Family Fun in the Sun at Legoland Dubai

If your kids are fans of Legoland in the UK, they'll love the new theme park that's recently opened in the dazzling metropolis of Dubai. Our DAD.info blogger, Ernesto Pitts, took his daughter, Leila, to discover if bigger really does mean better...

Ernesto and Leila get set for LegolandErnesto and Leila get set for Legoland

When it comes to building stuff, Dubai doesn't do anything by half measures. Rising from the desert in the United Arab Emirates, 'bigger,  better, faster, more' are the words this decadent city lives by. The tallest building in the world, the 830-metre Burj Khalifa lights up like a billboard every evening, accompanied by the world's biggest water display, the Dubai Fountain, just down the road from the Dubai Mall, the world's biggest shopping precinct. 

With gazillions of super-luxe hotels, some great beaches and attractions including an indoor snow resort at Ski Dubai and the vast Dubai Aquarium and Underwater Zoo, Dubai is blingy, brash and fun, and now a new Legoland has sprung up just outside the city in the theme park, dining and retail entertainment complex at Riverland. 

This is news that hadn't escaped my 11-year-old daughter Leila's attention. Despite several visits to the UK theme park, and the fact she lives in a bedroom that's virtually made of Lego, decorated with every single Lego Friends kit that's ever been released, we simply had to go and investigate.

Emirates, undoubtedly one of the world's better airlines, flies non-stop from London in just under seven hours, so considering getting to the UK park on the M3 can sometimes take us three, visiting its middle-eastern counterpart didn't seem that much further to go. And you can watch movies all the way there, which is a bonus.

Legoland lies to the south of Dubai, so our first glimpse of the metropolis leaving Dubai International was of the city's Jetson-style skyscrapers looming from the desert, but plans are already in motion to expand and develop the area around the theme park. The next World Expo in 2020 will be held here, and the Dubai World Central airport, much closer to the resort, will soon be expanded to accept international flights. I was told that if I return in a few years, all this desert would be city – it seems Dubai's big ambitions extend far into the future.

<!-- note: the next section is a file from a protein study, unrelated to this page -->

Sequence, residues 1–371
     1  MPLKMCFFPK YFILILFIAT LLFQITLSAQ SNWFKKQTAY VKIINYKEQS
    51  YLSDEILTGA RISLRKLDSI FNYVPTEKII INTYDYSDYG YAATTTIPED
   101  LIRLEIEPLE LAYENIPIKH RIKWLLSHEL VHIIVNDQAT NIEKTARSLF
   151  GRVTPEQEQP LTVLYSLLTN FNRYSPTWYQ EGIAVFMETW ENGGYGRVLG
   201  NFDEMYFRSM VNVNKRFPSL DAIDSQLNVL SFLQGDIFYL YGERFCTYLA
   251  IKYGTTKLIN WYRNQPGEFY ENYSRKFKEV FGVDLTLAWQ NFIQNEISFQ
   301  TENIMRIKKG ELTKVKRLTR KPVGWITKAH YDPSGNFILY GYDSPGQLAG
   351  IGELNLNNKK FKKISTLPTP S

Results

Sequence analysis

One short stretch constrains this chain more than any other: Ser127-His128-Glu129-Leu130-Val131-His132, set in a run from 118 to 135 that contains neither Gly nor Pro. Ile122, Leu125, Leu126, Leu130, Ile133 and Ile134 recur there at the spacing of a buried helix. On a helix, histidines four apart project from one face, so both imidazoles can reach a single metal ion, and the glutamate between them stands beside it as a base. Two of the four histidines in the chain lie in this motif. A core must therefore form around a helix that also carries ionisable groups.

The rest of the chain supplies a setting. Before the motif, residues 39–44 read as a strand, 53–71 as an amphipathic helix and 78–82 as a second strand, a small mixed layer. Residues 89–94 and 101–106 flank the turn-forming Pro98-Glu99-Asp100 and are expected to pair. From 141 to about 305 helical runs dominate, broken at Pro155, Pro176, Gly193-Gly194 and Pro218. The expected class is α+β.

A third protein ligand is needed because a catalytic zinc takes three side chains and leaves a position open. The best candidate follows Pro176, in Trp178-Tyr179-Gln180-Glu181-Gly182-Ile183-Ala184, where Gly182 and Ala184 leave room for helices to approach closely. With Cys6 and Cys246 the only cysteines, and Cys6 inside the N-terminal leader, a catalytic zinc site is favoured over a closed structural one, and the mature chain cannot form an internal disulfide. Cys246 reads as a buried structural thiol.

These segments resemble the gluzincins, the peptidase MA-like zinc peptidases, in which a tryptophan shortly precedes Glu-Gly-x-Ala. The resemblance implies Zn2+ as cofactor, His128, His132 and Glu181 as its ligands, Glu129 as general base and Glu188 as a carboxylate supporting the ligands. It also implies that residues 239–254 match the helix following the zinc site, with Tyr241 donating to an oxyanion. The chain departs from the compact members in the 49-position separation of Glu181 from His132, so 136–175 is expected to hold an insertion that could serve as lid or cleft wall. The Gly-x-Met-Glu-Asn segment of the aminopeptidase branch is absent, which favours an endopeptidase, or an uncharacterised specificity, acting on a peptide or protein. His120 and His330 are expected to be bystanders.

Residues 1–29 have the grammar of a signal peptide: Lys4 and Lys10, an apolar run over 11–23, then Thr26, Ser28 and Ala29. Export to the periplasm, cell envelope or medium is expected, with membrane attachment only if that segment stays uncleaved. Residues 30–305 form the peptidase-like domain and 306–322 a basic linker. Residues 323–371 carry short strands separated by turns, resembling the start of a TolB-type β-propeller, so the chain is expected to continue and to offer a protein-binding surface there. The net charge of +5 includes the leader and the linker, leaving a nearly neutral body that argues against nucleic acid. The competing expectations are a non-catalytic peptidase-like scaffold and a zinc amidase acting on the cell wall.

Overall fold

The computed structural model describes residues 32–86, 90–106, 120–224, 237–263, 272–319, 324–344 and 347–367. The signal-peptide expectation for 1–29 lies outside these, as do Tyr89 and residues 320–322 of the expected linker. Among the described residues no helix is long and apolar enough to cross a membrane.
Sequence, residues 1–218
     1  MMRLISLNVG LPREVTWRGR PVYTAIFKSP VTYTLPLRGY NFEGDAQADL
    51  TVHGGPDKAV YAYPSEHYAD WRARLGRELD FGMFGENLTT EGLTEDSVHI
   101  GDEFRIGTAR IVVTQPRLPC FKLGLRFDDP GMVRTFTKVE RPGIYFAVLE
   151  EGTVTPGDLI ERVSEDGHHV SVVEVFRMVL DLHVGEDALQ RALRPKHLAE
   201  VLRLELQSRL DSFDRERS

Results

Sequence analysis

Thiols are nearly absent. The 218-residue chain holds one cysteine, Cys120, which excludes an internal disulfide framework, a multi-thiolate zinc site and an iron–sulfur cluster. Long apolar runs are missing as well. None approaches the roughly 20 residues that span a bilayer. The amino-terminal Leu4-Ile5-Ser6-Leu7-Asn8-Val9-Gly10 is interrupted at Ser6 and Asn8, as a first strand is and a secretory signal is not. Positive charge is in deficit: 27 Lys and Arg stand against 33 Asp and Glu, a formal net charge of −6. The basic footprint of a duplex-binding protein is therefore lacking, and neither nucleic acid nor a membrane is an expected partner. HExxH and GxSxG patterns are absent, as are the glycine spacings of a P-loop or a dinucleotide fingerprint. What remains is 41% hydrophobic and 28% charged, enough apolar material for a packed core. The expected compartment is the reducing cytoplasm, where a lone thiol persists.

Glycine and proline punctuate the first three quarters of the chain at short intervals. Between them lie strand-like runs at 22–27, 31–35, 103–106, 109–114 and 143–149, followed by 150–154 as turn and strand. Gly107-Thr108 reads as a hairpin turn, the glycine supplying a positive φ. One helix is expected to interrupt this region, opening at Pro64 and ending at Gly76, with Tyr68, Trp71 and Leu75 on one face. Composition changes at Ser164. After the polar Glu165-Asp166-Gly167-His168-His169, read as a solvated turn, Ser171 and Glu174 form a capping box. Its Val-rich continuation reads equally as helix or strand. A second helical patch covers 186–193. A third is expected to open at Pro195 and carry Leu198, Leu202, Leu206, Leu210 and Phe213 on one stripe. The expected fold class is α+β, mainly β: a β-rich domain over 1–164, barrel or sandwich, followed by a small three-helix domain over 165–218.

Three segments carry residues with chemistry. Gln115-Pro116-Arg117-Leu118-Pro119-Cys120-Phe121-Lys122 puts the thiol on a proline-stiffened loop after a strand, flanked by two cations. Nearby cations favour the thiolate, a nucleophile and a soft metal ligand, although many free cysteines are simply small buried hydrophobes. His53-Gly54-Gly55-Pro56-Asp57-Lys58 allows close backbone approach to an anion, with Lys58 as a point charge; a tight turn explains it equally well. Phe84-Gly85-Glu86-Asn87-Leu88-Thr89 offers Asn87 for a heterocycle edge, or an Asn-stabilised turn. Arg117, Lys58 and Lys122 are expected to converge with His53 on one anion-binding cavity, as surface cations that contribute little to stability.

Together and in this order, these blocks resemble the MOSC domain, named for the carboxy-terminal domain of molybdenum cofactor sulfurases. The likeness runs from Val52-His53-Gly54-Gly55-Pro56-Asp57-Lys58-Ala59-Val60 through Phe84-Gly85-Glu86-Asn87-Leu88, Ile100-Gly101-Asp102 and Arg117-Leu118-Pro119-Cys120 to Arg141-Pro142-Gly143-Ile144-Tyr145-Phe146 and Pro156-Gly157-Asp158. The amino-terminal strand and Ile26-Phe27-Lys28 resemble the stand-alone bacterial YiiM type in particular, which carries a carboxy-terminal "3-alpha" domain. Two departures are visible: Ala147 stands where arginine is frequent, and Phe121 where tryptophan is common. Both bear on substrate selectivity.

We stayed at the Autograph Collection's Lapita Resort, which is part of the huge Dubai Parks & Resorts development. Legoland Dubai Resort and Legoland Waterpark are the latest additions to the entertainment mecca which already boasts Riverland (four themed areas with restaurants and events situated around the river); Bollywood Parks Dubai (the world's first park dedicated to all things Bollywood – Zac Goldsmith, take note!) and Motiongate (described as 'Hollywood in the Desert', with movie-themed rides and attractions).

 

The Lapita puts guests close to the action, connecting directly to Riverland. The kilometer-long artificial river that gives the complex its name starts in the resort, and with just one gate and a few minutes walk separating the two, there were no complaints from Leila about distances we had to walk before we got to the fun. 

The hotel is Polynesian themed, which at first struck me as being slightly incongruous in a desert, but Lapita turned out to be a lavish, four-star oasis. The staff were genuinely friendly and attentive, stopping to smile and have a conversation without ever appearing obliged, which was kind of nice. And they were always there, patrolling the grounds, holding doors open wherever you went, and offering lifts to destinations that were just metres away on little electric carts. It's heaven for a child that hates walking and not so bad for Dad, either.

The resort has several pools for adults and kids, including one with a river run, and apart from the main dining hall that serves fantastically varied and well-presented food – all of which I tried to sample and failed as there was simply too much – there’s also a Cantonese and Mediterranean poolside restaurant as well.

The guest rooms are plush with deep, comfortable beds, large bathrooms and balconies, full-size multi-channel flat-screen TVs, even a 'Decorate Your Own Cup Cake Kit' as a welcome gift. We didn’t see that much of our rooms, but we were very happy to return to them after our days exploring the parks.